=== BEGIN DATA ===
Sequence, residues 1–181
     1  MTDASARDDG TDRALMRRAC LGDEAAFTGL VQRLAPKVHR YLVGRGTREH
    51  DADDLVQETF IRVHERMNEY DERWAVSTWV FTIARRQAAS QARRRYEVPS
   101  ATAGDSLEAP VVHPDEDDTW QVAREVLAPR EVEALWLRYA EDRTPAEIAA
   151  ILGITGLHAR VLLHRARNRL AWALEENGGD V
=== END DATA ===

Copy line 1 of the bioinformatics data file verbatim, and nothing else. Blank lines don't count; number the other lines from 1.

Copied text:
Sequence, residues 1–181